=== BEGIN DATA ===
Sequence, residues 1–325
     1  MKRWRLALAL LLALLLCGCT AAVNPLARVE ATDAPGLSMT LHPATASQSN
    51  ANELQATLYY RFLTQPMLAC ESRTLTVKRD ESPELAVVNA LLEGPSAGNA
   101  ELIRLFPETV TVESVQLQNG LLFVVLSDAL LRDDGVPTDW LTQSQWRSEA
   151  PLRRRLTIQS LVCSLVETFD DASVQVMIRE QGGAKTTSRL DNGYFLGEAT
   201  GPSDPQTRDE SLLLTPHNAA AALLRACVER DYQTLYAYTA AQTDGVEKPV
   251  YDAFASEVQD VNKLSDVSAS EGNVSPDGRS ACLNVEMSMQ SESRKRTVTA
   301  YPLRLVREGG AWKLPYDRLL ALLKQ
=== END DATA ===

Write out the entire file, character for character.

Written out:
Sequence, residues 1–325
     1  MKRWRLALAL LLALLLCGCT AAVNPLARVE ATDAPGLSMT LHPATASQSN
    51  ANELQATLYY RFLTQPMLAC ESRTLTVKRD ESPELAVVNA LLEGPSAGNA
   101  ELIRLFPETV TVESVQLQNG LLFVVLSDAL LRDDGVPTDW LTQSQWRSEA
   151  PLRRRLTIQS LVCSLVETFD DASVQVMIRE QGGAKTTSRL DNGYFLGEAT
   201  GPSDPQTRDE SLLLTPHNAA AALLRACVER DYQTLYAYTA AQTDGVEKPV
   251  YDAFASEVQD VNKLSDVSAS EGNVSPDGRS ACLNVEMSMQ SESRKRTVTA
   301  YPLRLVREGG AWKLPYDRLL ALLKQ